Preschool-aged children are the biggest users of hospital emergency rooms, according to a new report, which found that nearly half of kids in that age group will end up in an ER at least once in a year.

The study, released Thursday by the Canadian Institute of Health Information, collected data from more than 10 million visits to emergency rooms across the country between April 1, 2012 and March 31, 2013. It found that children aged four and under accounted for nearly nine per cent of all emergency room visits in Canada over the course of that year.

That added up to nearly 900,000 pre-schoolers ending up in the ER, some for serious problems such as falling down stairs or swallowing a foreign object.

However, the top three reasons pre-schoolers ended up in emergency were:

  • respiratory infections;
  • ear aches;
  • and laryngitis or sore throat.

Some hospitals, such as Ontario’s Lakeridge Health Care, have created pediatric emergency units to deal with young patients.

Dr. Mary Mitchell, chief of pediatrics at Lakeridge, notes that “sitting in emergency is not the best place for a child.”

Nearly 1,800 children have been treated at the special unit since it opened about 10 months ago. Young patients are referred to the department for various ailments, and they can undergo ultrasounds and other tests in a kid-friendly environment.

Meanwhile, the CIHI data found that young adults between the ages of 20 and 24 were the second-most-frequent visitors to emergency rooms, accounting for 7.6 per cent of total visits, while adults aged 25 to 29 accounted for 7.2 per cent of visits. Adults aged 65 to 69 accounted for just 4.5 per cent of visits.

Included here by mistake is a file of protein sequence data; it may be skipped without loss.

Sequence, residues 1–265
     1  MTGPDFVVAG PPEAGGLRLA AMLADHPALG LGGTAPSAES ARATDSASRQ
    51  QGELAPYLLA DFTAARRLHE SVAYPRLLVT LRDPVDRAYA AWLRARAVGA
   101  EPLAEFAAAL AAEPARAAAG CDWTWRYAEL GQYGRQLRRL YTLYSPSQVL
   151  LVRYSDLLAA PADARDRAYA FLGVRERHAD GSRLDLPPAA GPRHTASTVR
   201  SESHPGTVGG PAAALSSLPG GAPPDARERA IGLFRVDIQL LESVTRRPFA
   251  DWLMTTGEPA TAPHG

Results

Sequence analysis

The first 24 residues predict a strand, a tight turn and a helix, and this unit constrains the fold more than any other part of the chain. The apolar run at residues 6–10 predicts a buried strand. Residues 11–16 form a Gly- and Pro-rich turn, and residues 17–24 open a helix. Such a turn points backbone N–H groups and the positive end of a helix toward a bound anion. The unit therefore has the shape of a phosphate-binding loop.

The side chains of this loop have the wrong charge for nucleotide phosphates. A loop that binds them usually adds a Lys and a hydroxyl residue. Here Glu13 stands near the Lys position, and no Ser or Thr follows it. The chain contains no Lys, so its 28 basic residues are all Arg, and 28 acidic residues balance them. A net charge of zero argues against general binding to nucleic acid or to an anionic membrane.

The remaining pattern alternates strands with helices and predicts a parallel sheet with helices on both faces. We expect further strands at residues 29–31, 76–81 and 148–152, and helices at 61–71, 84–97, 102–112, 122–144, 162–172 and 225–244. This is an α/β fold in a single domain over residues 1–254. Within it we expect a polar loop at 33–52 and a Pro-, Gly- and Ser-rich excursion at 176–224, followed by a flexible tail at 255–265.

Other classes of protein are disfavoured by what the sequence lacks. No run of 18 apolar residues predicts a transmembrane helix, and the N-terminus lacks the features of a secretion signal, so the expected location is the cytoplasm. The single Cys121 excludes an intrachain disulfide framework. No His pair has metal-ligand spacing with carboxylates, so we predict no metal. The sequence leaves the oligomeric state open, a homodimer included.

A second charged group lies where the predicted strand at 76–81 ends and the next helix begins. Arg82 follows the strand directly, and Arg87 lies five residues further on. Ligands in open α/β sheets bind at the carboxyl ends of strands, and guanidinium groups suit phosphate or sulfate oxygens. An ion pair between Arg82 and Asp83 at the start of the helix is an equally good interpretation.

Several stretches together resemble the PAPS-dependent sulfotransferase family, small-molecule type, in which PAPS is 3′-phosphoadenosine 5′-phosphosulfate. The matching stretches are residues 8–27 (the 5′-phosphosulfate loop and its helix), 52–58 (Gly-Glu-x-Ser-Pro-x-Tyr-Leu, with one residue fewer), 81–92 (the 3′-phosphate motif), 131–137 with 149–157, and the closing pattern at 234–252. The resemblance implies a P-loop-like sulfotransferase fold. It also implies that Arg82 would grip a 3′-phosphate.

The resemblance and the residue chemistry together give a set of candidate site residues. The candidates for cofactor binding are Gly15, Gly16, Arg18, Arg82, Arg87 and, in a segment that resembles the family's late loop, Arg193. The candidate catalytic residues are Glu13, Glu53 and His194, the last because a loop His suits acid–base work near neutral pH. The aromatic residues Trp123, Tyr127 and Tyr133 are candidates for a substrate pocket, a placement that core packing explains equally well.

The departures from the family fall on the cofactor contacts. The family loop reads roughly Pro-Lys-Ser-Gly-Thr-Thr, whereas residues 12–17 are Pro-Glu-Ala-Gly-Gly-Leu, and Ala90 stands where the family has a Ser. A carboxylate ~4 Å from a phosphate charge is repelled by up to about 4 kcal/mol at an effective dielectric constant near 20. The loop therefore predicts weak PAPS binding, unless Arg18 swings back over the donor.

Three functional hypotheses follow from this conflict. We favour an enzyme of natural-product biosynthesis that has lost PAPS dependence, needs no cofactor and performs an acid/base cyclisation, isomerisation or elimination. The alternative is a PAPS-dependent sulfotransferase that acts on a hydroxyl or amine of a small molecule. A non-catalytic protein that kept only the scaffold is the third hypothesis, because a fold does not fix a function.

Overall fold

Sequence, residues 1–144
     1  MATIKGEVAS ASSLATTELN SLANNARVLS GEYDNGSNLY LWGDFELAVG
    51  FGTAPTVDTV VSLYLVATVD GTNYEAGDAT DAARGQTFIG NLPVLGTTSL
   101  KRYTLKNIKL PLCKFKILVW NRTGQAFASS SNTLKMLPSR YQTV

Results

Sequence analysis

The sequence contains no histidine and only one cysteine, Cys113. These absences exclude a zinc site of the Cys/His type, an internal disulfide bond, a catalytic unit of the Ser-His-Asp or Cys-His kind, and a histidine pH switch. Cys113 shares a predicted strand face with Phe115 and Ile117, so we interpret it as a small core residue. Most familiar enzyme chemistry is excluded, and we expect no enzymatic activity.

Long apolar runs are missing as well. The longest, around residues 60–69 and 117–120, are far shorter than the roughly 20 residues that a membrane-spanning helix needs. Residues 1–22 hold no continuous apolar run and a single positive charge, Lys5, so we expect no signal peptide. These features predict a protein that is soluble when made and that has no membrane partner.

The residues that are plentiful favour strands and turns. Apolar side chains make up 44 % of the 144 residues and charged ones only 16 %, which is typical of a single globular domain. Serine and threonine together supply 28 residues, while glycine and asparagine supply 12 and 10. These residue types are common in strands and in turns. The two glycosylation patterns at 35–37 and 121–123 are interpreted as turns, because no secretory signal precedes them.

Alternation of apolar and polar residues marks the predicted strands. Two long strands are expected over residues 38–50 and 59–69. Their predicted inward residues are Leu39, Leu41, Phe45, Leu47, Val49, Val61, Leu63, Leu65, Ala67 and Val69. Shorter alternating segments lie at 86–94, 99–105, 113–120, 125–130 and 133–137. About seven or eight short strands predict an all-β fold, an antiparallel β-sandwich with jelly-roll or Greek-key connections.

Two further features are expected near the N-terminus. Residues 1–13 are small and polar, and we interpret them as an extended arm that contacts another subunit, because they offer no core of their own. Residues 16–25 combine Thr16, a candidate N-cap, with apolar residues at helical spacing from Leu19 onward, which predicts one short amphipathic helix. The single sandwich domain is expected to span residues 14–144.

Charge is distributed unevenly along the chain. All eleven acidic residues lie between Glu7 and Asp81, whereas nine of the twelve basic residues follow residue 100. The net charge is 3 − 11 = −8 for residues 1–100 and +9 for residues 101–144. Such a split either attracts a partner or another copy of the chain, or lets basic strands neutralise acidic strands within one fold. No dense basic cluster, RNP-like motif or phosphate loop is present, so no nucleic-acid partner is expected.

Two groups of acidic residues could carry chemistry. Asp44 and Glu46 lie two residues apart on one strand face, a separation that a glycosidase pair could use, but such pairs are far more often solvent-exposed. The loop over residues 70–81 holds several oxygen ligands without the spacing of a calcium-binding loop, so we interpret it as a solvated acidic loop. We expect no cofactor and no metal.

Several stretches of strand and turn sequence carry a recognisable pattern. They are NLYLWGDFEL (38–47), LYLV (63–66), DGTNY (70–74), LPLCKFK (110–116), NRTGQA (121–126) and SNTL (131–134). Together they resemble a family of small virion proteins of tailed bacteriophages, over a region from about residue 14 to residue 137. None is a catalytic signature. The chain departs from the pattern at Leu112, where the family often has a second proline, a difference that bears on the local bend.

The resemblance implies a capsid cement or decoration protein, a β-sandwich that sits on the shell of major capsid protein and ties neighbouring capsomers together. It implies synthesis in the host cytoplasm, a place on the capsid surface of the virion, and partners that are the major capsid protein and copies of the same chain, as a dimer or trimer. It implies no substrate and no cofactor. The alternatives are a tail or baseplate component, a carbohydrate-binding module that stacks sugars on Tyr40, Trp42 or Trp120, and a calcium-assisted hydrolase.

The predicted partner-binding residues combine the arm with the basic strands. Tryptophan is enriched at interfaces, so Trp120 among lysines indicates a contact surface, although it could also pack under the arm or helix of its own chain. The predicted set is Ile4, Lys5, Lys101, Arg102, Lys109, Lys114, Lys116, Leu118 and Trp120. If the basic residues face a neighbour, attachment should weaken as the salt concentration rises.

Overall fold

The top three ailments that sent Canadians to an ER were:

  • abdominal/pelvic pain;
  • throat and chest pain;
  • acute upper respiratory infection.

The report contains some good news: the amount of time patients spend in emergency departments has remained unchanged in recent years. Half of patients who visit an emergency room are there for about 2.4 hours or less, while nine out of 10 patients spent 7.4 hours or less.

Patients who spent more than 7.4 hours in an emergency room did so because their condition was serious enough that they had to be admitted.

However, some patients, particularly those over age 65, are spending a long time in the ER, waiting as much as 27 hours or longer to be admitted.

With a report from CTV’s medical specialist Avis Favaro and producer Elizabeth St. Philip